1. A Tutti Frutti Bracelet from the Collection of Mrs. Cole Porter's Niece
Epitomizing the marriage of Eastern exoticism to Art Deco design, tutti frutti jewels by Cartier are held up as masterpieces of the jeweler’s art. After first being exhibited at the 1925 Exposition Internationale des Arts Décoratifs et Industriels Modernes in Paris, the style rapidly gained popularity among the most fashionable women and discerning jewelry collectors of the day, including Mrs. W.K. Vanderbilt, Daisy Fellowes and Mrs. Cole Porter. Though unsigned, the bracelet offered here is notable for its preponderance of telltale elements: carved colored stones of varying shades and qualities (in-keeping with the Moghul style); scrolling diamond vines highlighted by drill-set onyx beads; enameled saw tooth patterns applied at the terminals; and a foldover tab clasp. The bracelet closely resembles two examples made for Mrs. Cole Porter between 1925 and 1929. The association with Mrs. Porter continues, for this piece is known to have been in the collection of Linda Lee Colgate, the niece and namesake of Mrs. Porter. The bracelet, along with a complementary double-clip brooch (lot 150) descended through the family, first as a wedding gift and, more recently, as an inheritance.
2. A Specially Commissioned & Unpublished Cartier Brooch
Of all the works produced by Cartier since its founding in 1847, it is their dazzling creations from the Art Deco period that epitomize the firm's unparalleled innovation, style and craftsmanship. Instantly recognizable and timeless in design, Cartier's Art Deco jewels represent one of the great highpoints in the history of jewelry. This pendeloque is another illustration of the firm’s marriage of Eastern and Western influences. A rare discovery, the piece is a notable contribution to the published canon of Cartier jewels. Its lithe, columnar form—originally intended to drape off the shoulder—was inspired by the Indian sarpech, a jeweled turban pin that dangled like a tassel over the eyebrow. According to historian Hans Nadelhoffer, Cartier discovered the sarpech form indirectly through the fanciful orientalist costumes of the Ballets Russes, transforming theatrical fantasy into some of the most popular decorative motifs of the period. In a nod to contemporary fashion, this piece's attenuated silhouette and highly articulated diamond-set panels echo the increased mobility of drop-waist flapper dresses designed to swing along to the exuberant tones of the Charleston.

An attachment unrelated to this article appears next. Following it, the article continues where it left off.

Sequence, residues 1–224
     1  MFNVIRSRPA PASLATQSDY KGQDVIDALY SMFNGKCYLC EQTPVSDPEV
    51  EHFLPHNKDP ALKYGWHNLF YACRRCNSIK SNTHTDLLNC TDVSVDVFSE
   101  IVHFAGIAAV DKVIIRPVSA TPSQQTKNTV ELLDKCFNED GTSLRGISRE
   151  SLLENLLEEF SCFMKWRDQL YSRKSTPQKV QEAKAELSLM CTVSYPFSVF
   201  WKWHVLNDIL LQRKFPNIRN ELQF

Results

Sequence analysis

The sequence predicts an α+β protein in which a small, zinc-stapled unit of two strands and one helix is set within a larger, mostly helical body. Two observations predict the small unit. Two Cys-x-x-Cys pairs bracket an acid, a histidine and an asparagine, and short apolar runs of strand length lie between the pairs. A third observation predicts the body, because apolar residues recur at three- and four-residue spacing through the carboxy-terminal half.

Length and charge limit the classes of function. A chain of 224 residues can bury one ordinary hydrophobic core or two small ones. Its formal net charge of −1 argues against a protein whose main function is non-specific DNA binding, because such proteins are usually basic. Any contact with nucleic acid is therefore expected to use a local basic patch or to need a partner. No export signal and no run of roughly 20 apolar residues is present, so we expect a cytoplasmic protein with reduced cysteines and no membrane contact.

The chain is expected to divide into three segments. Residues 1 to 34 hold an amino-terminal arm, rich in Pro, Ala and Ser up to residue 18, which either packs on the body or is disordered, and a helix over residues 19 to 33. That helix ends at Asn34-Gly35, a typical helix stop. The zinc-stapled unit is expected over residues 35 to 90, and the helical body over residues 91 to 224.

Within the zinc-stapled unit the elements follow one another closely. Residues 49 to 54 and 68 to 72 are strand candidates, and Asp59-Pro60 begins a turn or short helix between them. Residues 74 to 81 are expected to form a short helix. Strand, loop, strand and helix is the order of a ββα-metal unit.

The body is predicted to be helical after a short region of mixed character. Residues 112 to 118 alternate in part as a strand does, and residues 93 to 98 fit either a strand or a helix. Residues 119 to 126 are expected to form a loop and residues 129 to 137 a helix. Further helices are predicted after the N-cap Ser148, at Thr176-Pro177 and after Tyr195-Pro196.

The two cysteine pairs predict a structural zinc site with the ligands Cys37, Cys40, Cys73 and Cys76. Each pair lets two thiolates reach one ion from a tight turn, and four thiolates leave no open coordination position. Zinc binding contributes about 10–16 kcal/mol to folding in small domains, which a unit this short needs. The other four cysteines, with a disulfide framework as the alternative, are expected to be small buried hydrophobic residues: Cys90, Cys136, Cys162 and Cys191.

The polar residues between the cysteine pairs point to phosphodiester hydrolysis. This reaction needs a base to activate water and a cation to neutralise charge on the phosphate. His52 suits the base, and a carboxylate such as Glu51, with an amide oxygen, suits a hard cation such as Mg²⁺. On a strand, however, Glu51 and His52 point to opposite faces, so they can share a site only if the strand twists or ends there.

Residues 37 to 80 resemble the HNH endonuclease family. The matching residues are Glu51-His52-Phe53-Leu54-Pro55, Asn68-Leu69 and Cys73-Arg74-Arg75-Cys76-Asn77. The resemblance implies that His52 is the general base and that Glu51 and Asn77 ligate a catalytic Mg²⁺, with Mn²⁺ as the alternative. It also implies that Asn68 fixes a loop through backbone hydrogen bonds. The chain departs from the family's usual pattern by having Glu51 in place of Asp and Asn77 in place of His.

3. An Art and History-Inspired Necklace from Paulding Farnham for Tiffany & Co.
Paulding Farnham was the creative genius responsible for the original design of this necklace, which was the only jewel by him that Tiffany & Co. displayed at the 1904 St. Louis World’s Fair, an exhibition to celebrate the centennial of the 1803 Louisiana Purchase. At first glance the necklace appears to be decorated with a synthesis of motifs borrowed from Renaissance art and architecture. Stylized jardinières, nymphs and naiads, gargoyles, shield shapes, palmettes, acanthus leaves, scrolls and arabesques, are all gracefully combined into a harmonious flowing pattern decorated with colorful enamel. However, upon closer inspection towards the back of the necklace near the clasp, Farnham has specifically included two figures of the Knights Templar, which would likely be historical references to the French King Louis IX who lead the Seventh Crusade (1248-1254 A.D.) and after whom the city of St. Louis is named. The fleur-de-lys is another recurrent motif throughout the design of the necklace and also quarters each of the platinum settings surrounding the rose-cut diamond-set links. It is of course the symbol associated with the city of St. Louis, and it is surely why Farnham intentionally chose it for this jewel. Works by Paulding Farnham rarely appear on the market, but some important pieces have made their way into private collections and museums including the Metropolitan Museum of Art and the Cooper-Hewitt in New York, The Brooklyn Museum, The Walters Art Gallery in Baltimore and the Museum of Fine Arts, Boston.